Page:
|Accountability - Does
your system work?
By Chief Ronald W. Richards
Obviously, anytime we place firefighters in
an IDLH atmosphere that would certainly be a hot zone. Meanwhile, if the
mission poses the risk that a firefighter could become lost, trapped, or
injured by the environment or structure those, too, would also be included
as a "hot zones". High angle rescue, confined space, trench rescue or hazardous
materials incidents would all have hot zones.
||What is accountability? Ask people
in the emergency service in different areas of the country you'll get a
wide array of answers. Most people in the fire service are familar with
the concept. Whether and if works is another story.
Simply put, accountability is a system
to account for all fire fighters within a small geographic area, within
the "hot zone" of an incident. A 'hot zone" will differ based on
the nature of the incident. The reason for the accountablity system
to is know at all times how many personel are working in a "hot zone".
are not accountability"
Some folks think that tags are synonymous
with accountability. We'd beg to differ. The photo ID tag, velcro
strip, piece of marked webbing, cow tag, ID tag or bar code card are merely
a prop used to show who you are. If the tag stays on you when you enter
the "hot zone" then there is a good chance that no one in the "cold zone"
will know you are there.
If the tag stays
on you when you enter the "hot zone" then there is a good chance that no
one in the "cold zone"
will know you are
Where does all this come
NFPA 1500 – The Standard
for Firefighter Health and Safety covers all aspects of safety
and health in the fire service. 1500 requires an accountability system
be utilized at all emergency incidents.
NFPA 1561 – The Standard
for Fire Department Incident Management provides great detail on
emergency scene management including accountability of firefighters. This
standard requires that the incident commander maintain an "accountability
and inventory worksheet" from the beginning to the end of an incident.
How is it done?
Does your department have an accountablity
system? Ask that question and you will either get blank stares or multitude
of answers why "our system is better" or "why we don't need that here...."
While there are various ways to keep track
of your folks, the bottom line is educating them and holding individuals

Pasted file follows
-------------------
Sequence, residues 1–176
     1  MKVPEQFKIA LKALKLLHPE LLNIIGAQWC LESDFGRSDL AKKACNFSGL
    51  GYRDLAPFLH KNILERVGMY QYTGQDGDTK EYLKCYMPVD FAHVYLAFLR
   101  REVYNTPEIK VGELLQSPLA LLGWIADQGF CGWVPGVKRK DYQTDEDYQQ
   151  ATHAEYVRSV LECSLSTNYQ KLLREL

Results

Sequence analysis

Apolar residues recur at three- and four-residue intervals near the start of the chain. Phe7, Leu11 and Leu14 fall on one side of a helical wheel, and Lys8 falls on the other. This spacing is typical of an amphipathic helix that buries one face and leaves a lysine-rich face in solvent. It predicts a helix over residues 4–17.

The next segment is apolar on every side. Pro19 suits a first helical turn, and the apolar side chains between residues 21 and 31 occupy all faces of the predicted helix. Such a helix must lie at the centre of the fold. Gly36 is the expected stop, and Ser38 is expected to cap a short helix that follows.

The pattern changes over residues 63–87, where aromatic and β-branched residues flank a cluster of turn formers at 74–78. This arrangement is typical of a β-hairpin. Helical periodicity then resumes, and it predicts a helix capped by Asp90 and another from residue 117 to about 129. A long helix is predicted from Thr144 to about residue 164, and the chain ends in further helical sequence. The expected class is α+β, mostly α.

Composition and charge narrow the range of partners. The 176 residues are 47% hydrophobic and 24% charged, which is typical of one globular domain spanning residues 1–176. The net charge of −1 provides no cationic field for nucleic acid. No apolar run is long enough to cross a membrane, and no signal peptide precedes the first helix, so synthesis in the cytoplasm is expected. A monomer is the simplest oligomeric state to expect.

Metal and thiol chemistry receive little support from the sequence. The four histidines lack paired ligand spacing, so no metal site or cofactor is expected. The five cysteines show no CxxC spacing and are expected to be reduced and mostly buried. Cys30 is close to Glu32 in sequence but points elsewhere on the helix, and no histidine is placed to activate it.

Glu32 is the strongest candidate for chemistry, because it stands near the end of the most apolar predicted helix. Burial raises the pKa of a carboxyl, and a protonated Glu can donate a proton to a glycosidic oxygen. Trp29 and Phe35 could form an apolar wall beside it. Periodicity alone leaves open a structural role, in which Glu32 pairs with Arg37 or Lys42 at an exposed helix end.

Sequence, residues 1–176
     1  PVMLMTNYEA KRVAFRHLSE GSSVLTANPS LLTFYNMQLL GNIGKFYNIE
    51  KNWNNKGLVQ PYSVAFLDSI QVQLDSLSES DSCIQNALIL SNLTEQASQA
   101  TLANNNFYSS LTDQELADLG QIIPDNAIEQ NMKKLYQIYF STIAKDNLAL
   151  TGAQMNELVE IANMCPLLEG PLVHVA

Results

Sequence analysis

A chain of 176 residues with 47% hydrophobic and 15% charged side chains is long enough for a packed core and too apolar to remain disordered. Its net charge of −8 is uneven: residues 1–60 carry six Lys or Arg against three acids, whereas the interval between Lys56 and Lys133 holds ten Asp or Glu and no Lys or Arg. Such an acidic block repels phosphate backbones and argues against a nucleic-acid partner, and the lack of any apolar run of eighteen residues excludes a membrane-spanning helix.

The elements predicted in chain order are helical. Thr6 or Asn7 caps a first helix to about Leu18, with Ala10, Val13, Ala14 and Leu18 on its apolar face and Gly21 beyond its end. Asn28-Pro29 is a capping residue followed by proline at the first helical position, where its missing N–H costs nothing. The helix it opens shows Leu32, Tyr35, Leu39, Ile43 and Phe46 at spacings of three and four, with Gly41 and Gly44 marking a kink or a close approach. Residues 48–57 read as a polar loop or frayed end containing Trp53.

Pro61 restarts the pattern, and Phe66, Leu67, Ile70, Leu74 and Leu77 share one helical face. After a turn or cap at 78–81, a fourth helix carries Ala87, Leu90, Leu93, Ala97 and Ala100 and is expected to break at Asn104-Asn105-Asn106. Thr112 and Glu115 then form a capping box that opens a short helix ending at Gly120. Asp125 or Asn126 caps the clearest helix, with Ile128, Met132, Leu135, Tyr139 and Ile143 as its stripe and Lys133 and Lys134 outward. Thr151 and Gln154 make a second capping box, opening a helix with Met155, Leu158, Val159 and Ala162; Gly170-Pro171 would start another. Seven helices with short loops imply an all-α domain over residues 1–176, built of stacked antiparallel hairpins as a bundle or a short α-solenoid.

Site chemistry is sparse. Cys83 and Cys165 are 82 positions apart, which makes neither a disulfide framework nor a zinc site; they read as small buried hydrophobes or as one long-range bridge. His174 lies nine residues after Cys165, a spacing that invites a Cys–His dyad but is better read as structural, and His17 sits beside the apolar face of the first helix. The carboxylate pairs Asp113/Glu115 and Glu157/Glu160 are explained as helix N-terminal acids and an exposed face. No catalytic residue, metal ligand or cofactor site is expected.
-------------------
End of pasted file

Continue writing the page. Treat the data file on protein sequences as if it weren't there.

firefighters responsible to stay a part of a team. Their boss also needs
to know where his personnel are operating at all times. The most critical
time on the fireground is in the first twenty minutes, when resources may
be light and command officers may still be in route. It there ever
was a time when corners will be cut, this is it!
As a command structure expands then companies
or teams who report to a sector officer need to be "accountable" to that
||Keeping track of the
The Personnel Accountability Report or
PAR is a roll call of personnel. From the team leader or company
officer, a "PAR" is a confirmation that members assigned to his/her crew
are visually accounted for.
For the Sector Officer, a "PAR" is an accounting
for all crew members of all companies assigned to his/her sector. If possible,
PAR's should be face-to-face within the company or with the sector
|PAR's should be taken at regular intervals,
for example every twenty minutes. Also when there is a significant change
in the incident, for example, structural collapse, chnge in strategic mode
(offensive to defensive) or a report a firefighter missing, a PAR should
be immediately implemented. The longer the time between PAR's the better
the chance you may not be able to save a lost or missing firefighter.
longer the time between PAR's the better the chance you may not be able
to save a lost or missing firefighter..."
As the incident escalates to the level
that Accountability Officers are assigned, command should implement an
Accountability Sector to coordinate Accountability Officers. The Accountability
Sector Officer will be assigned to Safety Section. The Accountability Sector
Officer develops and implements a plan to track and account for all personnel
working in the hot zone.
Test your system?
||Does your accountability system really
work? Why not give it a test. After discussing all the details with
your bosses, run a drill and intentionally NOT have firefighter report
back or have a company officer report he is short a firefighter. What will
happen? Will it go unnoticed or will the system work. There is only one
way to find out. Use the system on all incidents test all the components.
There will never be anything more horrific
a task than to have to face a surviving firefighter's family and have to
say you didn't know he or she was in the building or worse yet, you knew
he was inside but did not realize he was missing! It's better
to find out now if your accountability system really
||About the author: Chief
Ronald Richards has over 25 years of fire service experience, both career
and volunteer. He rose through the ranks in the Forest City Fire Department,
in Forest City, PA and became Fire Chief in 1995. He held that position
through 2000 when he retired. He currently serves as the Chief for Training
and Safety for Browndale Fire Company in Wayne County, PA. Chief Richards
has over 24 years of service with the Commonwealth of Pennsylvania, having
served as a Fire Marshal with the Department of Public Welfare, a Fire
and Safety Specialist with the Pennsylvania Department of Corrections.
He currently is the Assistant to the Superintendent within the PA Department
of Corrections, responsible for media relations, litigation coordination,
accreditation, and the writing of policies and procedures. Chief Richards
graduated from the State University of New York with a Bachelor of Science
Degree in Fire Service Administration. Richards is a PA State Fire
Instructor and an instructor with Command
School, He is the founder of WithThecommand.com.